If the U.S. Supreme Court took upon itself the duty of interpreting the U.S. Constitution (the duty that is nowhere to be found in the actual text of the U.S. Constitution), that is the only duty that it is - take the case and interpret it against the U.S. Constitution, not against the court's own prior interpretations of that U.S. Constitution.
And, while interpreting the U.S. Constitution, each time anew, the court needs to remember that at no time the U.S. Constitution was changed to include the U.S. Supreme Court's precedents into the Supremacy Clause, so the U.S. Supreme Court precedents are not, and have never been, the Supreme Law of the Land.
With that in mind, let's see what is happening in the habeas (death penalty and life-in-prison cases) and in civil rights cases.
According to the AEDPA and according to interpretation by the federal courts of the "qualified immunity" of various governmental officials from liability in civil rights lawsuits alleging constitutional violations, a victim of such a constitutional violation cannot have ANY relief unless the fact that what occurred to that victim was, indeed, a constitutional violation, was established, on the same or closely similar set of facts, in another lawsuit, in a prior U.S. Supreme Court case.
Here is what it means legally.
The review by the U.S. Supreme Court is by a petition for a writ of certiorari only.
That means that the U.S. Supreme Court has an absolute discretion to decide which cases to take and which not to take.
So, the "clearly established" part is committed to the chance that:
- somebody else's right before you were similarly violated;
- that somebody filed a lawsuit, appealed it to the federal court of appeals, and further took the case all the way to the U.S. Supreme Court, complying with an ocean of rules and either paying a lot of money or finding somebody to represent that person for free - or being an exceptionally tenaciously and resourceful pro se party; as everybody understands, such a combination of probabilities reduces your chances considerably if not drastically;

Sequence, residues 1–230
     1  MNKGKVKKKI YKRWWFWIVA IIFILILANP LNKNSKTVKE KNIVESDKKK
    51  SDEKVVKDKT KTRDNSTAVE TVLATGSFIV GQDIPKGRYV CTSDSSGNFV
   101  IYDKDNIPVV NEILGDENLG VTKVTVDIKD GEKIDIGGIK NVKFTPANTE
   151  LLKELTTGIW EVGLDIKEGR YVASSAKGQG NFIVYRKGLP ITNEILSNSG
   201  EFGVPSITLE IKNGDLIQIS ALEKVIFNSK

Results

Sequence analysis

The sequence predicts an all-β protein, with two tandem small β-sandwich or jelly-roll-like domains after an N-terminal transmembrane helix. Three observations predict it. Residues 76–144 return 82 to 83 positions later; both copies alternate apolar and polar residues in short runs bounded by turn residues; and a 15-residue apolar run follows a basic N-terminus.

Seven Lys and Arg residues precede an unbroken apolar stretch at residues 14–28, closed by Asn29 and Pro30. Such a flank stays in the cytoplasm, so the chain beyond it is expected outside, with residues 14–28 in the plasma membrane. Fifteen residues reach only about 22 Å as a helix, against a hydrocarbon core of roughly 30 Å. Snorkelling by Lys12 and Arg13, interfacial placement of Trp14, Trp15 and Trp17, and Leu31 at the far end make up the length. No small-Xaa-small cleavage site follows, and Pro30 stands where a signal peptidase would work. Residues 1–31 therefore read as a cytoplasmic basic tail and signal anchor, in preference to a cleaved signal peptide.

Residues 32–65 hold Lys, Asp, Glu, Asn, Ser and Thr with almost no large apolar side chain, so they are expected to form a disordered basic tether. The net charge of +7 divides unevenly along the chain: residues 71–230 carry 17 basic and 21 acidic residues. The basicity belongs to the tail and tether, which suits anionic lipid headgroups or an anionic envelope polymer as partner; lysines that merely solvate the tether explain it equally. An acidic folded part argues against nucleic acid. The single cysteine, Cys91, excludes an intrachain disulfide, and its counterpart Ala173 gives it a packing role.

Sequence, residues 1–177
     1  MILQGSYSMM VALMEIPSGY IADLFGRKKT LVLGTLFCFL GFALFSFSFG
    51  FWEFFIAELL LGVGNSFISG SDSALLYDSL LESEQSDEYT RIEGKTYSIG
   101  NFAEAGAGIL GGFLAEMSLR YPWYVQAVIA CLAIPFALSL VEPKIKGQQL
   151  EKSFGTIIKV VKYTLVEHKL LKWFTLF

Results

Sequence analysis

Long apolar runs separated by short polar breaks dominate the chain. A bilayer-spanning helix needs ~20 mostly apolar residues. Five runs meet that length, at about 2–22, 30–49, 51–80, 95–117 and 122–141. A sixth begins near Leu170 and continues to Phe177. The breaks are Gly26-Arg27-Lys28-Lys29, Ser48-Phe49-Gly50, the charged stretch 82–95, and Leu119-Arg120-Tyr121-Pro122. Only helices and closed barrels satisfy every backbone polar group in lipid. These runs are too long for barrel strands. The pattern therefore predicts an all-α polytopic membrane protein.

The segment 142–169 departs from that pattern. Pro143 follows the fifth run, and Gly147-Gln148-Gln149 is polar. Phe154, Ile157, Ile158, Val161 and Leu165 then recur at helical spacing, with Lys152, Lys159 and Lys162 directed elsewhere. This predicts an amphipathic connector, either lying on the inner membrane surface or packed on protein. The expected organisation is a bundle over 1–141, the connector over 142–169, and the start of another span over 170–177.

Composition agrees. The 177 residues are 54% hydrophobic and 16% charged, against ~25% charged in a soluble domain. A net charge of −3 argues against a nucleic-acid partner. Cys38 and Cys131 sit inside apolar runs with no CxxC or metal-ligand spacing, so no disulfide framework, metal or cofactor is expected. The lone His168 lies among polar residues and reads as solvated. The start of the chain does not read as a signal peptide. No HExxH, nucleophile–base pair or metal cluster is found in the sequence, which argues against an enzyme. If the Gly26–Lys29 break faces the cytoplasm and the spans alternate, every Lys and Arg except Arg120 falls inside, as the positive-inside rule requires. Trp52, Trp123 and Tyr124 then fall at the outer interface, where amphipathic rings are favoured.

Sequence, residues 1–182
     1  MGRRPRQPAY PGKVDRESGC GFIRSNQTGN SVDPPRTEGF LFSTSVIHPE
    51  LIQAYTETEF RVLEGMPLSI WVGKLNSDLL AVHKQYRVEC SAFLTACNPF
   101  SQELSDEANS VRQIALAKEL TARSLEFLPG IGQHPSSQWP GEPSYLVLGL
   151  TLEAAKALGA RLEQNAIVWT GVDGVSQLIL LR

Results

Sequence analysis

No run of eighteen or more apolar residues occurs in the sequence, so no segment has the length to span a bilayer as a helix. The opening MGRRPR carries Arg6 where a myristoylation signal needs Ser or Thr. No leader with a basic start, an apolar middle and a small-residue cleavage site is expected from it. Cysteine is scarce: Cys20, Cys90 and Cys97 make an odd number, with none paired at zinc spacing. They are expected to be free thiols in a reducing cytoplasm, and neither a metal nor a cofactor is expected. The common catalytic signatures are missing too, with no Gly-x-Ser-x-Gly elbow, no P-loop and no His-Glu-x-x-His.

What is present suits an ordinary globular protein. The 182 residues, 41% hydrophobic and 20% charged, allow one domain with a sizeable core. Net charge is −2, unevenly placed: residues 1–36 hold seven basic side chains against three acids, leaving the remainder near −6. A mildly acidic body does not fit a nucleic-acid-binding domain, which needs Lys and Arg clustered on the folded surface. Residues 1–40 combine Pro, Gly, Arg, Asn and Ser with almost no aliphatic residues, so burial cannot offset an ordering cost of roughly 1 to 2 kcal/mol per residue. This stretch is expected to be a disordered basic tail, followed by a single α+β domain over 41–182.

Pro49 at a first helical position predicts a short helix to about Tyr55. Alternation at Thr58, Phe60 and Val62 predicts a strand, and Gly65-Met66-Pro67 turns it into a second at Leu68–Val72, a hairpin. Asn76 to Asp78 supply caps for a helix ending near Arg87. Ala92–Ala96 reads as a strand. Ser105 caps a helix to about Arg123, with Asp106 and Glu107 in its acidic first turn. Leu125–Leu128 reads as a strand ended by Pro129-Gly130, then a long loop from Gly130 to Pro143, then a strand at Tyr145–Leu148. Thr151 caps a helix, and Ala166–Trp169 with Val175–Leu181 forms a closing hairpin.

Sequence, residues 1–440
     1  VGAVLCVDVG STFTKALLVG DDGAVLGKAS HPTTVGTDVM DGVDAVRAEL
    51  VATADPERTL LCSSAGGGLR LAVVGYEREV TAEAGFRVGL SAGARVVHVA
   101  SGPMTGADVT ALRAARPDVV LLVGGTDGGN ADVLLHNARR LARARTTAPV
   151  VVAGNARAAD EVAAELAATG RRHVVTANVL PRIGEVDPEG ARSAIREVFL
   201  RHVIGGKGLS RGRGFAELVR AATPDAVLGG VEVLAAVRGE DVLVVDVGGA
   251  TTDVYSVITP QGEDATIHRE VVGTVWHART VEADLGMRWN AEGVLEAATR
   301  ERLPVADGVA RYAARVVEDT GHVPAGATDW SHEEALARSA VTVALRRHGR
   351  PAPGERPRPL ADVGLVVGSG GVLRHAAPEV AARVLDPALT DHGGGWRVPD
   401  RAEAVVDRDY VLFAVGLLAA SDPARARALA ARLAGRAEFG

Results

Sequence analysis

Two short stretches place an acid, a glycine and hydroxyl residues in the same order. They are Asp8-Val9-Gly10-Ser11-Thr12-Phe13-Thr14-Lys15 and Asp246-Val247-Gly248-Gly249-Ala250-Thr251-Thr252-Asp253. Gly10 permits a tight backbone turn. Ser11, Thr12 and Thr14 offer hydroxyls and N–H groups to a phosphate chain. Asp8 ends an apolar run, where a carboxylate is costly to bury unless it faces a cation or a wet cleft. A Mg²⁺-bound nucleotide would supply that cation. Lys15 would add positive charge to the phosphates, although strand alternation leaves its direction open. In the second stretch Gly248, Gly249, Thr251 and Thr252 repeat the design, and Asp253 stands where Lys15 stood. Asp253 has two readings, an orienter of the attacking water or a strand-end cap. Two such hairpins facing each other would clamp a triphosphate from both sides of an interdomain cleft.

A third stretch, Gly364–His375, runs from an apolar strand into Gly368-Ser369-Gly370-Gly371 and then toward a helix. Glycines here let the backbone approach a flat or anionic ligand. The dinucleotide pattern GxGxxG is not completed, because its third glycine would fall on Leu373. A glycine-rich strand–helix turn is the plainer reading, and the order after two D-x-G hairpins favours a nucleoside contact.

- after the above improbable events, then the U.S. Supreme Court should have agreed to take and review the case, and
- the U.S. Supreme Court then decided in that somebody's favor.
So, federal courts are telling you that your right to obtain a remedy for your constitutional violations depends upon whether somebody else before you, through a series of highly improbable events committed to chance and to the whim of the U.S. Supreme Court to even hear those cases.
And, of course, since it is the government you are suing, and the government tells you that your right to sue the government depends on whether, before the lawsuit, the government (the U.S. Supreme Court) CHOSE to agree to review and decide a similar case for somebody else.
And, if it was not the whim of the U.S. Supreme Court to take and review and decide cases of somebody else before you - even if there was an ocean of such cases, but they were all rejected by the U.S. Supreme Court - tough, you are without a remedy.
Doesn't it feel like playing poker with a card sharp?